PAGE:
Sir William Davenant

Gerard Langbaine, in Account of the English Dramatick Poets (1691) 106-13.

A Person sufficiently known to all Lovers of Poetry, and One whose Works will preserve his Memory to Posterity. He was Born in the City of Oxford, in the Parish of St. Martins, vulgarly call'd Carfax, near the End of February in the year 1605. and was Christened on the Third of March following. He was the Mercurial Son of a Saturnine Father, Mr. John D'Avenant, a Vintner by Profession: who liv'd in the same House, which is now known by the Sign of the Crown. He was formerly of Lincoln College, and instructed in the Logick and Physicks, by his Tutor Mr. Daniel Hough, Fellow of that Society; tho' his Genius rather inclin'd him to walk in the more flowry Fields of Poetry, in which he made a Prodigious discovery: advancing even without any Guide, but his own Wit, and Ingenuity, as far as the Herculean Pillars (if any such bounds are to be set) of Poetry. He was Poet Laureat to Two Kings, whose Memory will always be Sacred to all good, loyal, and witty Men; I mean King Charles the First, the Martyr for, and King Charles the Second, the Restorer of the Protestant Religion, according to the Church of England. During this Honour, of which his Wit and Parts render'd him Worthy, he writ (as I suppose) his Dramatick Pieces, of which I shall give some account.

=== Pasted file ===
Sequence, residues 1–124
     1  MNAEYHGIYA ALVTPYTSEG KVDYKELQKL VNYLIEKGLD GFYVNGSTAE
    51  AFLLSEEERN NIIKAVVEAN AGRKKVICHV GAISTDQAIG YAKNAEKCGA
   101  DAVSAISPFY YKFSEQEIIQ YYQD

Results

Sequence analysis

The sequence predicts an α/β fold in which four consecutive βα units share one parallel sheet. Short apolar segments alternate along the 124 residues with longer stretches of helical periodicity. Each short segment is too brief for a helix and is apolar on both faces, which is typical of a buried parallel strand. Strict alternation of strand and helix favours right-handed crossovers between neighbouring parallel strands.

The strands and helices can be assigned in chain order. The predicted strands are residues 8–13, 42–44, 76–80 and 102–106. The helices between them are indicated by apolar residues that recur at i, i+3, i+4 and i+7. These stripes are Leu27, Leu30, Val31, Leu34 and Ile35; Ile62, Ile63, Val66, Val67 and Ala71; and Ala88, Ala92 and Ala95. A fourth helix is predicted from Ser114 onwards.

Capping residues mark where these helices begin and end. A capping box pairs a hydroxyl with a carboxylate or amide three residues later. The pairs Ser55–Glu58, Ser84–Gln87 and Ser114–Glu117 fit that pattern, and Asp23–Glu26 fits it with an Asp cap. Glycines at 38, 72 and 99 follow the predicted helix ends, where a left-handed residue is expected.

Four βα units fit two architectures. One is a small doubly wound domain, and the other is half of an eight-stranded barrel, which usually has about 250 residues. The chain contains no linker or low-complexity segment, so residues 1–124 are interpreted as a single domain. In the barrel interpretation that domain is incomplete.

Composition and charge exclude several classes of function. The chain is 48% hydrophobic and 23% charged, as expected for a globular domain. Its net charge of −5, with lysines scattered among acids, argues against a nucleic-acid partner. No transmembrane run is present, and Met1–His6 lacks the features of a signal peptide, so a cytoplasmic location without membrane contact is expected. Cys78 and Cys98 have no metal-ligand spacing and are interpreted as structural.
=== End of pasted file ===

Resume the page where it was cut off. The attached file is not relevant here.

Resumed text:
To speak of him in general, I need only say, that most of them have appear'd on the Stage with good applause, and been receiv'd with like success in Print: the greatest part publisht in the Authors Lifetime in Quarto, and all since his Death collected in one Volume, with his other Works, printed in Folio Lond. 1673. and dedicated by his Widow to his Royal Highness, the late King James.

Albovine King of the Lombards his Tragedy, printed first in quarto, and dedicated to the Right Honourable the Duke of Somerset. This Play is commended by Eight Copies of Verses. For the Design, it is founded on History. You may read the Story in several Historians: See Paulus Diaconus de Gestis Langobardorum, lib. 2. c. 28. Gregorius Epise. Turonensis Hist. Francorum, lib. 2. c. 28. Heylin's Cosinoraphy, Part 1. Book 1. p. 57. This Story is likewise related at large in a Novel by Bandello, which is translated by Belleforest; See Histoires Tragiques Tome 4. Nov. 19.